Rothfuss' decision to tell Kvothe's story chronologically through the king's scribe, for example, has forced him to write practically every scene from the wizard's point of view, resulting in a supporting cast of mostly one-dimensional characters. The only thing we know about most of the characters is what we see and hear through Kvothe.
He also lingers too long in subplots, resorts occasionally to chance encounters to advance his story and relies heavily on cliches and anachronisms ---- contemporary phrases that feel wildly out of place in a world of demons and wizards and kings.
In one scene, for example, Kvothe's friend Wilem tells the loan shark Devi that based on what he's heard about her, he thought she'd be taller. "How's that working out for you?" Devi asks. "Thinking, I mean."
Really? That's the sort of 'today' dialogue you'd expect in the Disney series "Hannah Montana," not in an ambitious fantasy setting like this.
And yet whether those sorts of things trip you up or not, it's fair to note that this is just Rothfuss' second book. You get the feeling that once he figures everything out, he'll almost certainly morph into the major fantasy-writing force his fans are demanding him to be today.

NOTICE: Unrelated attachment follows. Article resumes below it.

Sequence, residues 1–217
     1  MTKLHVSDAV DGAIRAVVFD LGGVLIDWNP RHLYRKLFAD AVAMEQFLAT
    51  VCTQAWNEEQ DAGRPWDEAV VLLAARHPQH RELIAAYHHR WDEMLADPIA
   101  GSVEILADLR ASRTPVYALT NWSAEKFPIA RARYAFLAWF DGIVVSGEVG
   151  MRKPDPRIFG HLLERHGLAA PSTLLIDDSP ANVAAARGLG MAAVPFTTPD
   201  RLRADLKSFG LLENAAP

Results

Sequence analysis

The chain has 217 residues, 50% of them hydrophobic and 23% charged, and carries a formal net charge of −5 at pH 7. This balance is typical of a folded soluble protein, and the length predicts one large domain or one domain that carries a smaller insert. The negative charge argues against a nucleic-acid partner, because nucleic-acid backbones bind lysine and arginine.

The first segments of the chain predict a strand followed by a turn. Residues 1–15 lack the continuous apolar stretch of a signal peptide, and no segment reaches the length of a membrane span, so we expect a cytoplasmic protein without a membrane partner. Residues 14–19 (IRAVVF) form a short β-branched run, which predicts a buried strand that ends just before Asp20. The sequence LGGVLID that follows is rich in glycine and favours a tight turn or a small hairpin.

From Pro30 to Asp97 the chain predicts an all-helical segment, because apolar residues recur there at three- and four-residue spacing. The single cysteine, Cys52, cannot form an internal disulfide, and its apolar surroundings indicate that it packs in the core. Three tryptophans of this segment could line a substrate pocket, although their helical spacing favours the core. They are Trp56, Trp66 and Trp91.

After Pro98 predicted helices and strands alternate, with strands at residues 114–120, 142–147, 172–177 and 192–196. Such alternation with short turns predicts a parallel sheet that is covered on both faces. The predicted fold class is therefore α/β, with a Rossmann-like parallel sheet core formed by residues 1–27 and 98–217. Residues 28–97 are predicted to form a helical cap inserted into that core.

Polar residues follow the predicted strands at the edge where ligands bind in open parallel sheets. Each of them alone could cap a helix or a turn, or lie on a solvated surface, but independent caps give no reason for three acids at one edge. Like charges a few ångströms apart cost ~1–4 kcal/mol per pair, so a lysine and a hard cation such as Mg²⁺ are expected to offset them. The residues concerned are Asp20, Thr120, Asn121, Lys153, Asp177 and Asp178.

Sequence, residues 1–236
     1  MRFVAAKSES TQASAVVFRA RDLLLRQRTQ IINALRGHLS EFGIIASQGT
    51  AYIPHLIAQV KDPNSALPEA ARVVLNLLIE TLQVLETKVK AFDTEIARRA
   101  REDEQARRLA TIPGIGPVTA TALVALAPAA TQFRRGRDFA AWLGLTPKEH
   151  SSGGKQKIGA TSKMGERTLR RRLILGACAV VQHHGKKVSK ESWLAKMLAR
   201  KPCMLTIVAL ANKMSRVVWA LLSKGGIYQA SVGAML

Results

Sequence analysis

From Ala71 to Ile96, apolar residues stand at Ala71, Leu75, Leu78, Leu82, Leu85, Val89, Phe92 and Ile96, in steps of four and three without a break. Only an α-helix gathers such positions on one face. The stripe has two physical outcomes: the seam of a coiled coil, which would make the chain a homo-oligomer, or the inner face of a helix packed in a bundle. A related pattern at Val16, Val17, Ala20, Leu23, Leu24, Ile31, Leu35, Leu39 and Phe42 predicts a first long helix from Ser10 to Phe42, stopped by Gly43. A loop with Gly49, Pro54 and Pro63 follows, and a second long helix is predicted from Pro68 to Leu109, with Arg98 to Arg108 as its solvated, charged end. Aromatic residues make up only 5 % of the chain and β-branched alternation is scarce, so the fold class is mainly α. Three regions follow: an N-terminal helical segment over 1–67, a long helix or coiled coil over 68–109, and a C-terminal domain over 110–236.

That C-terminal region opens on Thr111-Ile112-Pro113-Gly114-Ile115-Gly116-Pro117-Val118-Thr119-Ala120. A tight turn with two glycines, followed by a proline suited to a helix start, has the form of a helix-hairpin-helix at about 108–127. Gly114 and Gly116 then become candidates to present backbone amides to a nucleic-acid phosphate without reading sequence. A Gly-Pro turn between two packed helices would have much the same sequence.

He certainly knows how to build tantalizing expectations into his story ---- hinting at everything from a legendary fae seductress to fantastic magic and morally ambiguous characters ---- and this second book in the trilogy has scenes that fairly crackle. The way Kvothe deals with tax bandits and kidnappers, for example, will stun even the most jaded fantasy readers.
There are plenty of reasons to look past Rothfuss' growing pains as a writer to get to the final book in the trilogy ---- even if takes another four years to get there.
Let's just hope he gets out of his own way enough to write a tighter storyline without all the momentum-sucking side trips and cringe-inducing cliches and anachronisms. ...more
(Hey, wait! What happened to the other two stars?!?!)
Well, OK, fine, let's do the math, shall we?
I'm giving three out of thrThree out of three stars.
(Hey, wait! What happened to the other two stars?!?!)
Well, OK, fine, let's do the math, shall we?
I'm giving three out of three stars to Grann's absorbing story on legendary British explorer Percy Fawcett's ill-fated expedition in 1925 into the deadly Amazon jungle in search of the mythic ancient kingdom of El Dorado.